Tennessee lawmakers advance bill to ban critical race theory instruction in public schools

Sanaa Smith-Shabazz, 8, sits between her parents Ibn Shabazz, left, and Sidney Smith-Shabazz during a gathering at Civic Center Park in Denver on Thursday, June 4, 2020.
Protests, like this one in Denver in June 2020, have become frequent in the wake of recent killings of Black people by white police officers. New legislation in Tennessee would prohibit teaching elements of critical race theory, which is the study of how race and racism affect individuals and society.  (Hyoung Chang / The Denver Post)

Republican lawmakers advanced legislation Monday that would make Tennessee the latest state to ban the instruction of certain concepts related to race and racism in public schools.

The House Education Administration Committee voted 12-3 to prohibit teaching elements of critical race theory, which is the study of how race and racism affect individuals and society. 

The vote came in the legislative session’s waning days and as conservative activists nationwide raise alarm over concerns that students are being indoctrinated into thinking white people are inherently racist after recent killings of Black people by white police officers. Similar bills have passed in Idaho, Utah, and Arkansas.

Tennessee’s proposal, which now heads to the full House, was filed late last week by Rep. John Ragan of Oak Ridge. The bill is not yet scheduled for a vote in the Senate.

Ragan, who is white, cited an email he received about a 7-year-old white student in Williamson County who was described as depressed and suicidal after a discussion in her school about white privilege. 

“I’m ashamed that I’m white,” she told her mom, according to the email.

Ragan’s legislation says schools could not include or promote instruction or curriculum teaching that the United States is “fundamentally or irredeemably racist or sexist;” or that an individual, by virtue of the person’s race or sex, “is inherently privileged, racist, sexist, or oppressive, whether consciously or subconsciously.” 

Rep. John Ragan (State of Tennessee)

Also banned would be any instruction or curriculum that says people bear responsibility for actions committed in the past by other members of their race or sex; or that an individual should feel guilt or anguish “solely because of the individual’s race or sex.”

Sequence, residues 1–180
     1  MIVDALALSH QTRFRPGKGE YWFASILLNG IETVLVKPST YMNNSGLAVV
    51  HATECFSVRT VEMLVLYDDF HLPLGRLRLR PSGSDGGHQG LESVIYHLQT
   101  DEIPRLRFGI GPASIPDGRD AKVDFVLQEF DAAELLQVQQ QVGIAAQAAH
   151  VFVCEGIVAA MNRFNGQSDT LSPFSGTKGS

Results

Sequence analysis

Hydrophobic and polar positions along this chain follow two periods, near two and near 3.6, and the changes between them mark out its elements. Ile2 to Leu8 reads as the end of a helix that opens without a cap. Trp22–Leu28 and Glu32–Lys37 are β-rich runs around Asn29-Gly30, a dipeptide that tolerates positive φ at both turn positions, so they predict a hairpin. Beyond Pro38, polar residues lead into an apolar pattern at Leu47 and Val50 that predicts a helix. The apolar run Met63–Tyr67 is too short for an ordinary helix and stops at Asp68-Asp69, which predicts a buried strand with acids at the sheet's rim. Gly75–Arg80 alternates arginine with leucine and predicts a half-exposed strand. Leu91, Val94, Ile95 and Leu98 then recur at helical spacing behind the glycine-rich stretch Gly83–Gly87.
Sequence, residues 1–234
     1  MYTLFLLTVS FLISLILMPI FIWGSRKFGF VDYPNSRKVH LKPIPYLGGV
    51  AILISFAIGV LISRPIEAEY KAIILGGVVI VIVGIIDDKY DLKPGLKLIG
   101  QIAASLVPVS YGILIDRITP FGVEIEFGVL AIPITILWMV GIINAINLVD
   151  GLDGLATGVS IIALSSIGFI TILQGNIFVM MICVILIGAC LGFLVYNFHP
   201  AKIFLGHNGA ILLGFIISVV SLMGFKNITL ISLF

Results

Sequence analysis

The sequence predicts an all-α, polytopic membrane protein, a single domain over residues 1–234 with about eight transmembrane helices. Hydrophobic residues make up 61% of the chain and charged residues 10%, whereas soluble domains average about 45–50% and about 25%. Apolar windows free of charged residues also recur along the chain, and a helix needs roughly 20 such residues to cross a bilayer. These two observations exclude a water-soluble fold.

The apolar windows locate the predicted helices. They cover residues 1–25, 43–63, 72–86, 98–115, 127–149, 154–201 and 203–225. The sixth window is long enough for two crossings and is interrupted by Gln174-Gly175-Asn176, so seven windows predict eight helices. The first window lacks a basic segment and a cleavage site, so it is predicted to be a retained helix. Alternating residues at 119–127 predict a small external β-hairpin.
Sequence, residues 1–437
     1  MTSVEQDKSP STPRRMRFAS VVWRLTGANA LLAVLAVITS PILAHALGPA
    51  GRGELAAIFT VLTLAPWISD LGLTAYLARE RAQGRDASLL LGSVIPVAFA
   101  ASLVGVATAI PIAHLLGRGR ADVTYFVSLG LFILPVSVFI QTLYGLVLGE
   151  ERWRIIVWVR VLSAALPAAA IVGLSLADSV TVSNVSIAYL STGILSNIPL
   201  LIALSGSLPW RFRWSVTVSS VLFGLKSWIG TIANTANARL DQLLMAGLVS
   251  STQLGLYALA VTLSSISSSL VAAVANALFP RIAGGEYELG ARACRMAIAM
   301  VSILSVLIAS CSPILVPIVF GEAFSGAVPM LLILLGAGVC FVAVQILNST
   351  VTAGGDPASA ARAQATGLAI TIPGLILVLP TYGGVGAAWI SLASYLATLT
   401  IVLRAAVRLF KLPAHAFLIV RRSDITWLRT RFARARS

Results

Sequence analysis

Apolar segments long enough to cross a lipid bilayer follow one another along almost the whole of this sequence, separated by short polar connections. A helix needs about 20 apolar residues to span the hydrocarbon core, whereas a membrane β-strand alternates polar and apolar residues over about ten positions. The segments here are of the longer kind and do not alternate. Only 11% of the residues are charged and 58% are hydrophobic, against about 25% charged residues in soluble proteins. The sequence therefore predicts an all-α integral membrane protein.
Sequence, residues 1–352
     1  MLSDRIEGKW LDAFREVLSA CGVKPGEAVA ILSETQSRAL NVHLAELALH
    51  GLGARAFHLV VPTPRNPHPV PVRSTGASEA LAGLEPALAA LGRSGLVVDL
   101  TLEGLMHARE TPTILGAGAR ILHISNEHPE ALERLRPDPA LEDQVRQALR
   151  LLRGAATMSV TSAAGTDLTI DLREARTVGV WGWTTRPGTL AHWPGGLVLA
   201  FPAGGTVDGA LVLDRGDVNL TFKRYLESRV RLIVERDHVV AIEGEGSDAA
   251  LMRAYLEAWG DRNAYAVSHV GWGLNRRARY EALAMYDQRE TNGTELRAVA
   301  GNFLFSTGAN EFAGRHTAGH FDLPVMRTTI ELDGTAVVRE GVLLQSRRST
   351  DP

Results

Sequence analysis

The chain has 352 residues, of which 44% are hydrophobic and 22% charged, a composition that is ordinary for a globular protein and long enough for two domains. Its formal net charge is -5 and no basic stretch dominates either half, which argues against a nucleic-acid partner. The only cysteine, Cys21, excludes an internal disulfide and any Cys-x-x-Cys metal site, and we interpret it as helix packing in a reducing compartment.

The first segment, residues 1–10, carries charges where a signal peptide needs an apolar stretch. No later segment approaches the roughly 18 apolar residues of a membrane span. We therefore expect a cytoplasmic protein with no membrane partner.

“To make tomorrow better than today for Tennessee, we as legislators and citizens must take a stand against hucksters, charlatans and useful idiots peddling identity politics,” Ragan told the committee.

His proposal passed after GOP lawmakers cut off the debate after 30 minutes as the panel’s three Black members expressed opposition. New legislation usually includes more time for discussion in committees.

“What we have been teaching our children is a lie,” said Rep. Antonio Parkinson, a Memphis Democrat who is Black. Under this amendment, the real truth about George Floyd is not going to be taught, and that’s a historical event.”

Parkinson said children should be taught “only the truth.”

Minutes earlier, Chairman Mark White said the committee had limited time for discussion.

“What brought this about is how and what is being brought into our K-12 schools and how it’s being taught to our children,” said White, a Memphis Republican who is white. “We all understand history; it’s how we are teaching it.”

The bill OKs “the impartial discussion of controversial aspects of history,” but does not define what that means. 

Rep. Harold Love, a Black Democrat from Nashville, said he was concerned the lack of clarity could make teachers confused or fearful.

“I want to make sure that our teachers understand that they can teach the facts and not receive retribution,” Love said.

Ragan said teachers should teach according to Tennessee academic standards for social studies, which have been approved by the legislature.

“We as Tennesseans should not allow the presentation of historical fact to be shaded by someone’s personal opinion who is presenting that information,” he said, noting later that the words “systemic racism” are not included in the standards.

Critical race theory emerged as a field in the 1970s and 1980s. Professors in college classrooms have used the term for decades. National debate about its use in K-12 classrooms ramped up last September when then-President Donald Trump criticized critical race theory and called for “patriotic education” in the wake of increasing public demands for racial justice and culturally inclusive curriculum.

But several professional organizations support the study of critical race theory.

“The best historical inquiry acknowledges and interrogates systems of oppression — racial, ethnic, gender, class — and openly addresses the myriad injustices that these systems have perpetuated through the past and into the present,” said a statement last year from the Organization of American Historians, the nation’s largest professional organization of scholars of U.S. history.

“There can be no study of the United States to which slavery and settler colonialism are not central; and attempts to persecute these studies only underline their integral nature to any study whatsoever,” said a statement from the American Comparative Literature Association, which consists of English teachers.

Ragan’s bill would authorize Tennessee’s education commissioner to withhold funding from schools that teach the concepts outlined in his legislation, which is included below.

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